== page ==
A Review of Henry IV Parts 1 and 2

Now, as someone who has read a decent amount a Shakespeare, both in the past and in the past semester,  I knew that Shakespeare’s histories were not my favorite plays to read.  So I was majorly surprised by how much I loved the Royal Shakespeare Company’s production of Henry IV parts 1 and 2.  It breathed life into the characters that I had never imagined while reading the script.  Of the performances Henry IV Part 1 was definitely my favorite, for two reasons; the relationship between Prince Hal and Falstaff, and the absolutely gorgeous way the set was lit.  Now as an actor myself, there is nothing better to me than a strong relationship between two actors on stage.  Hal and Falstaff had a chemistry that was incredibly hilarious, truthful, and eventually heartbreaking.  In our discussion prior to the show, we discussed the possibility of Hal and Falstaff’s frienship being primarily motivated by self interest.  After seeing the RSC interpretation however, we saw a totally different side.  Falstaff seemed to fill the space of Hal’s true father (King Henry IV) who Hal seemed to be totally afraid of.  It was hard not to watch the two of them act together and not smile and laugh along with them.

The lighting in the show was absolutely spectacular, especially during the battle scene (which I described to my friends back home as being like Shakespearean Game of Thrones).  The stage was constructed primarily of rafters and this combined with the haze used created the illusion of morning sun coming through the windows, or added nobility to Hal’s entrance on the battlefield.  I’ve attached a few promotional shots so that you all can get a feel for what I’m saying!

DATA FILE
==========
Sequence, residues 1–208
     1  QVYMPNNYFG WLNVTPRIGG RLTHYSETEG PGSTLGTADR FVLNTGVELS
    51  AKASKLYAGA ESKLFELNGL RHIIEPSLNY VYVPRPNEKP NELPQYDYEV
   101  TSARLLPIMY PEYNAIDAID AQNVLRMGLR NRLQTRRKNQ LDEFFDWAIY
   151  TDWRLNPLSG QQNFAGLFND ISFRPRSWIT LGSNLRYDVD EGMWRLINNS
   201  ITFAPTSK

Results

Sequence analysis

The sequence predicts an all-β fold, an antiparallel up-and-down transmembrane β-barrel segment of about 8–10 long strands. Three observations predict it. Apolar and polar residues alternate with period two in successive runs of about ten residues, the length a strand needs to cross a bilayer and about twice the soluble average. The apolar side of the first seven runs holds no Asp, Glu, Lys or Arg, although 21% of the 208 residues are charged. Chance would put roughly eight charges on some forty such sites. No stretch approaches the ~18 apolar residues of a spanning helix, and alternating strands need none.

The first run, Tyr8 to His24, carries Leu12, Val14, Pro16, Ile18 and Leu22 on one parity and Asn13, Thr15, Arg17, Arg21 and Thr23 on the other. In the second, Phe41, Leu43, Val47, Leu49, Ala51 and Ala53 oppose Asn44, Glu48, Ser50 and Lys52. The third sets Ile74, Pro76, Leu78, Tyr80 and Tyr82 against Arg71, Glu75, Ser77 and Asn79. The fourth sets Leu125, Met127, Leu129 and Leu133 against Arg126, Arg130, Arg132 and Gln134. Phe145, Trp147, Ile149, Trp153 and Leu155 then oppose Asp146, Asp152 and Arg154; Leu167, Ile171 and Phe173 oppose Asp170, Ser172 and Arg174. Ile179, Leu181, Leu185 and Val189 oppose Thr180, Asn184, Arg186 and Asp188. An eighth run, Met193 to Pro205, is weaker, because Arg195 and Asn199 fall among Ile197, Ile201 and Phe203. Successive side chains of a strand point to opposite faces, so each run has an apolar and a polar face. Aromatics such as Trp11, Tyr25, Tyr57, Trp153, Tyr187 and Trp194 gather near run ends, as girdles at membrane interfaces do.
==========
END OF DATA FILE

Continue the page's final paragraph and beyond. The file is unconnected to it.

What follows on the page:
Overall, the shows were some of the best Shakespeare I’ve seen, and by far my favorite history.  While I did like Part one in particular, Part 2  did serve as a beautiful counterpart to the first show!.

Hal and Falstaff on the Henry IV promotional poster
Hal and Falstaff on the Henry IV promotional poster
Prince Hal enters the battlefield
Prince Hal enters the battlefield
From Part Two, Falstaff, the wild character of Pistol, and Mistress Quickly.
From Part Two, Falstaff, the wild character of Pistol, and Mistress Quickly.
Hotspur, the English rebel attempting to dethrone King Henry IV.  An incredible actor who was an amazing foil to Hal
Hotspur, the English rebel attempting to dethrone King Henry IV. An incredible actor who was an amazing foil to Hal
King Henry IV and the soon to be King Henry V on his father's deathbed
King Henry IV and the soon to be King Henry V on his father’s deathbed

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